Getting Ready for Winter Driving

As the colder months of the year are now upon us, we should be prepared for the ravages that winter may very well have in store. Winter driving is a particular safety issue throughout the United Kingdom. Considering that the 2015 statistics were expected to exceed 40,000 deaths, it only makes sense that this topic is taken seriously. Let’s take a look at some top tips that can keep you and your family safe.

The Importance of Antifreeze

Before the winter takes full effect, it is critical to make certain that the levels of antifreeze within your reservoir are topped up. However, you should also recall that the antifreeze is the same which is recommended by the vehicle manufacturer. If not, a significant amount of engine damage can occur. Take a look at these other interesting facts to learn more about the importance of this vital fluid.

Winter DrivingTyres and Tyre Pressure

Never forget that tyres are your first and last defence against difficult road conditions such as snow and ice. Ironically enough, this is one of the very same areas, which many drivers tend to overlook. Check all treads and make certain that they are not worn. Unless you have an all-weather variety, purchase tyres specifically designed for driving in snowy and icy conditions. Finally, lowering the tyre pressure is another useful tip. This will allow more of their surface to grip the road. A greater surface area equates to more stopping power when it is needed the most.

Preparations

Although it is important to check the various safety features of your vehicle, this is even more pertinent when the weather outside turns cold and unforgiving. Make sure that your headlamps and taillights are functioning, as they should. The same holds true for your emergency flashers. Are the windscreen wipers in good condition? If not, it is wise to replace them with a winter variant before the season takes hold. Finally, many authoritative websites suggest that you keep your petrol tank at least half full. This will help to prevent the fuel from freezing when the temperatures experience a severe drop.

Cruise Control

Applying cruise control is a common practice for anyone who is planning on a long trip and if the route is already familiar. However, this can actually present a risk due to the fact that your reaction times will be significantly decreased in the event that you begin to skip or slide. Get into the habit of driving manually. This can help to prevent you from automatically activating cruise control during potentially dangerous conditions.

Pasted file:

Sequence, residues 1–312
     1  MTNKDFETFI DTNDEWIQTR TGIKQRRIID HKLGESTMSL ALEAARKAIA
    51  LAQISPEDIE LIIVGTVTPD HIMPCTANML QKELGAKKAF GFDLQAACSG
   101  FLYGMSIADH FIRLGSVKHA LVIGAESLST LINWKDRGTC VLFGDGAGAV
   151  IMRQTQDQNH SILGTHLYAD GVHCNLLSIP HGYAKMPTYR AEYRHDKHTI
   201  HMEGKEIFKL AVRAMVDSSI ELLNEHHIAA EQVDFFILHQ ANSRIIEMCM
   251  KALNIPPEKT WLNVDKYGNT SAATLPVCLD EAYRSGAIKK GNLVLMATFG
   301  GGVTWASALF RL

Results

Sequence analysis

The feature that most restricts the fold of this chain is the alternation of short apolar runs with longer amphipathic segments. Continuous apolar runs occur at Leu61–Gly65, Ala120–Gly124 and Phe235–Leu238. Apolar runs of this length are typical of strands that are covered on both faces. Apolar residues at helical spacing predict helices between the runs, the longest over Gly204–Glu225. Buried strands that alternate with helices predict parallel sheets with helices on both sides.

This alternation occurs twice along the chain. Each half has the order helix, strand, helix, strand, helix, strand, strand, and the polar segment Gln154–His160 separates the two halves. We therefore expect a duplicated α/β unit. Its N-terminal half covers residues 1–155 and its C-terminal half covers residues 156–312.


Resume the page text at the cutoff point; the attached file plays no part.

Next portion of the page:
Emergency Supplies

You should always have an emergency survival kit within your vehicle. In fact, this is an excellent idea to embrace throughout the year. Some of the most common supplies will include a small amount of food alongside a portion of purified drinking water. However, other items such as an emergency blanket (the reflective type) are great if you become stuck and are in danger of freezing. This blanket can also be used to signal other vehicles that you are in danger. A reflective triangle, road flares and a basic medical kit are some other concerns that should be addressed.

Tyre Chains

There has been some debate in regards to the use of tyre chains. Obviously, these will provide superior traction on nearly any surface. However, one of the main issues is that they can destroy the road underneath. Check with your local authorities to determine as to whether or not these chains are allowed within your region.

Heaters and Defrosters

These are not only a matter of mere convenience. A malfunctioning heater or defroster can present a real driving hazard. So, make certain that both are functioning as they should well before you undertake any journey.

Battery

This is another critical component to address. In theory and under normal driving conditions, your battery should be replaced every two years. A good time to check its charge is a month or so before the winter sets in. Should you find that it is not supplying full power or it cannot hold a charge, it is ALWAYS recommended to purchase a replacement; specifically one that is resistant to cold temperatures.

A Trip to the Mechanic

Finally, visit your local garage and have a trusted mechanic peruse the vehicle for any further issues. He or she may indeed be able to detect problems that could have gone unnoticed.

By following these basic preparedness tips, you can rest assured that you and your loved ones will be able to negotiate even the most challenging of winter driving conditions. An ounce of prevention can indeed go a long way!

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